How to Refinish a Piano

Refinishing a piano brings new life to a dull, old instrument.

But it's a difficult job, so make certain you're up to the challenge before tackling it. Preparing the piano for refinishing is the most time consuming part of the process, yet proper preparation ensures a durable and beautiful finish.

Disassemble as much of the piano as possible. If you still have an owner's booklet, see what it says about dismantling. The more you dismantle, the better the final product will be. Place the hardware in labeled plastic bags. You need to remove the top from a grand piano, and if possible, an upright piano too.

Strip the finish off the piano in a well-ventilated area. Using a paintbrush, apply a thick coat of stripper. Use old toothbrushes to apply stripper to crevices and scroll work. Once finish softens (see stripper instructions for time frame), scrape the stripper off with a putty knife, going with the grain. Repeat as needed until you've removed all the finish.

Lightly clean the wood with a 50-50 solution of denatured alcohol and lacquer thinner to remove any remaining varnish or stripper. Apply the solution with steel wool, wiping off finish with paper towels. Make certain that you remove all of the varnish.

Buff all surfaces that you plan to refinish with steel wool after your piano is completely dry. Wipe off dust with paper towels moistened with denatured alcohol.

Make any repairs needed. Glue any loose veneer back in place. Check the top of your piano for water stains. Using a stain that matches your wood, carefully paint watermarks with a cotton swab. Let dry and buff.

Apply a filler to open grain woods, if need, and then apply your finish. Spraying works better than paintbrushes with paint or stain. Many people refinish pianos with a gloss tung oil, rubbing it into the surface of the piano. Use a soft toothbrush to apply to crevices. Allow your piano to completely dry from any finish before lightly rubbing with fine sandpaper or steel wool. Wipe off the dust again before applying additional coats.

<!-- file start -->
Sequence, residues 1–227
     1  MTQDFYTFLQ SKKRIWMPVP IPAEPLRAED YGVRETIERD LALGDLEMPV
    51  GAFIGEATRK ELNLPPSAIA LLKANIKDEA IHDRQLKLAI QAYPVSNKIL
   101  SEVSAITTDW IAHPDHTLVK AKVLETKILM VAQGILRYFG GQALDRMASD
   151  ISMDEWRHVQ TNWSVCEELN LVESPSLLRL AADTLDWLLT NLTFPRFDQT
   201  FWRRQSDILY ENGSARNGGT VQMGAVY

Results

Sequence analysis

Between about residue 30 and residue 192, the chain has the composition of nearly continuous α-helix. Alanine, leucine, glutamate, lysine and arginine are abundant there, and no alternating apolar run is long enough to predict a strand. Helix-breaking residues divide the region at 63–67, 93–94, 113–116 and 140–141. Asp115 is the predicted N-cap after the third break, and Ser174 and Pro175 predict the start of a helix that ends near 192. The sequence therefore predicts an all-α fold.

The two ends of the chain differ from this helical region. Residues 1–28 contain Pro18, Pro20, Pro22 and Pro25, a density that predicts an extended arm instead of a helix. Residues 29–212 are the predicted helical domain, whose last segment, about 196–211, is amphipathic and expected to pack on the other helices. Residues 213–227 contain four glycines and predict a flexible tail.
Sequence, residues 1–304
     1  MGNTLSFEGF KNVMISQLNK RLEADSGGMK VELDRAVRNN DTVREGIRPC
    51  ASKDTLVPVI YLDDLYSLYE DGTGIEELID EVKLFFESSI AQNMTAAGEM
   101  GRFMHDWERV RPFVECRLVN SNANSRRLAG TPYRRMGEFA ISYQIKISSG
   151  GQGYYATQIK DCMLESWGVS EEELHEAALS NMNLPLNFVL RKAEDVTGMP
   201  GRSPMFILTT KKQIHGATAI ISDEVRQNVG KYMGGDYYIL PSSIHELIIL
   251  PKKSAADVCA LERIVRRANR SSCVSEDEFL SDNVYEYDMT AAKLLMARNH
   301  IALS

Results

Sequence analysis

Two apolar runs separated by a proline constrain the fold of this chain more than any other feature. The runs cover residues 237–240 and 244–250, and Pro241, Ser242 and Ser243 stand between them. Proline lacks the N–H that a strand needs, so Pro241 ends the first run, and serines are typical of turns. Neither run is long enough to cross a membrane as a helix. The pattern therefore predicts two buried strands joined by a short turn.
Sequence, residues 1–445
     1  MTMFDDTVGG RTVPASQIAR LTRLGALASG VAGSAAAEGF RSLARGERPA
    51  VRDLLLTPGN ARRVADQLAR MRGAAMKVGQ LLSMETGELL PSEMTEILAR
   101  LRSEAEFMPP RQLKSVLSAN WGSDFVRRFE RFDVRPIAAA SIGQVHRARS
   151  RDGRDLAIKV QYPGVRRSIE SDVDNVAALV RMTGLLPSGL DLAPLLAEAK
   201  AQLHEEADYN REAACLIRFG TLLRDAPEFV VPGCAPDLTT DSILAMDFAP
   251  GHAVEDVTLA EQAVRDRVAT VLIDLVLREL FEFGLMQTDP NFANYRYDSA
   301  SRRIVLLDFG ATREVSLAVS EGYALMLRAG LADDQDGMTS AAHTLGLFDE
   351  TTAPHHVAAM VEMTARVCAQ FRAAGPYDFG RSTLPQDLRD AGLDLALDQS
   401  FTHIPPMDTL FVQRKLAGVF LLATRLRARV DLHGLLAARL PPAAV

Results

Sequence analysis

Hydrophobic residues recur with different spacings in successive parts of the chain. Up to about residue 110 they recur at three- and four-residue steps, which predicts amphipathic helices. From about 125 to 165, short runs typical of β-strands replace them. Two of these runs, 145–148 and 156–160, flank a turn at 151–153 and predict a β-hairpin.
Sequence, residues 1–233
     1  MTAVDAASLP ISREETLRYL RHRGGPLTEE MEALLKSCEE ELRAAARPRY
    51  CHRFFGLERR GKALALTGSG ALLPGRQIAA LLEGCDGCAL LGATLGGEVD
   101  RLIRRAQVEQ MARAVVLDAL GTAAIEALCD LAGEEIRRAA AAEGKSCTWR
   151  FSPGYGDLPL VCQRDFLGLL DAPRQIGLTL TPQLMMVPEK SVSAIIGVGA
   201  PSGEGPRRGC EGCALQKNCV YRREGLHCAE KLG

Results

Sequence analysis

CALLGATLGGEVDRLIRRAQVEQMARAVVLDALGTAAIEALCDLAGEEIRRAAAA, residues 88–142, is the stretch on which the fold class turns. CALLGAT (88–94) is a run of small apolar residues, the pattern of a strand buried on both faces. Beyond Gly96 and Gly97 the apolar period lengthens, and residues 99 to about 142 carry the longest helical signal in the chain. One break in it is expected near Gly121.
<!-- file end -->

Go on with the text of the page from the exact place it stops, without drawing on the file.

Put your piano back together again once it's completely dry and has no sticky surfaces. Be careful to protect your new finish from bangs and scratches.

Things You Will Need

  • Oil-based furniture stripper
  • Stripping gloves
  • Paintbrush
  • Wide plastic putty knives
  • 000 steel wool
  • Protective covering for floor
  • Denatured alcohol
  • Lacquer thinner
  • Absorbent white paper towels
  • Carpenter's glue
  • Grain filler, if needed
  • Tung oil or finish of choice

Tip

  • Piano refinishers often do a very professional job but can cost thousands of dollars.

Warnings

  • Remove any fire source from the workspace. Don't smoke or light candles due to the use of flammable products.
  • Do not use power sanders on your piano. They can destroy the veneer.
  • Do not use rubbing alcohol on your piano, only denatured alcohol.
  • If your piano was previously painted after stripping, you probably won't be able to remove all the paint without damaging the wood. Repaint the piano in a compatible color.